Zimbabwe’s most famous comedian, Lazarus Boora nearly died of appendicitis had it not been for the solidarity of his countrymen who rallied around him and financed his surgery.
After a successful surgery last week to remove the appendix, Lazarus Boora is now out of danger and out of the hospital, he is back home with his family.
At the time of his illness, Lazarus Boora was broke. Alone in the face of suffering, he could already feel the angel of death blowing in his ear as if to ask him to hurry.
Fortunately, his daughter Tanaka Boora cried out to Zimbabweans, fundraising meetings were organised, funds poured in to the tune of US$18,000. A sum more than enough to carry out such a simple surgery.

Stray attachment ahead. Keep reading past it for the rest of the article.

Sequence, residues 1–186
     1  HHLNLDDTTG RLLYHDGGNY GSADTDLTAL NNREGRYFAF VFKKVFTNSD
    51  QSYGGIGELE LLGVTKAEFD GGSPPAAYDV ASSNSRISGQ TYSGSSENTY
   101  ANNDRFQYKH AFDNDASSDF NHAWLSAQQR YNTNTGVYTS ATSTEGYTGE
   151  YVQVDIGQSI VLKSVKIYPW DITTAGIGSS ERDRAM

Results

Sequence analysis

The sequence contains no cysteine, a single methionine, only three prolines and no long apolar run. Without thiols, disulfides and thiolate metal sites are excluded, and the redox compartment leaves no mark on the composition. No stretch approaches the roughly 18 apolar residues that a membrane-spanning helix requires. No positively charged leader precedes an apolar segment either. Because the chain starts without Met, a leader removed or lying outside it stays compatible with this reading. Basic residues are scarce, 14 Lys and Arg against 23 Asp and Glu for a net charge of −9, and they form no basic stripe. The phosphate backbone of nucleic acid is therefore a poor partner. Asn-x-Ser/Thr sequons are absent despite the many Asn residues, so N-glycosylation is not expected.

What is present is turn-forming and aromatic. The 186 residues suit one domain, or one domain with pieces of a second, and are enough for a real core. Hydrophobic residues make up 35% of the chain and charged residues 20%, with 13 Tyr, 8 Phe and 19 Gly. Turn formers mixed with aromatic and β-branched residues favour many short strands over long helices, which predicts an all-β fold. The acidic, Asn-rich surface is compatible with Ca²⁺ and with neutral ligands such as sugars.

Just a week after his admission to Harare Hospital, Lazarus Boora is well enough to go home, to the great satisfaction of his compatriots including Amai Auxillia Mnangagwa, wife of President Mnangagwa who visited him on Wednesday, just minutes before he left the hospital.
Nicknamed Gringo, Lazarus Boora is considered a comedy icon in Zimbabwe. “Here he is what Papa Wemba was for the Congolese,” Mark Ndlovu, a resident of Harare said.
Boora is credited with many successful works like “Gringo Ndiani” “Gringo IRIPI Mari” and “Gringo the Troublemaker” which are widely viewed in TV channels across Zimbabwe.
But just like many African artists and particularly actors do not live from their art, their talents not withstanding. Very often they suffer and die in destitution and obscurity, like the case of Brazzos in the DRC.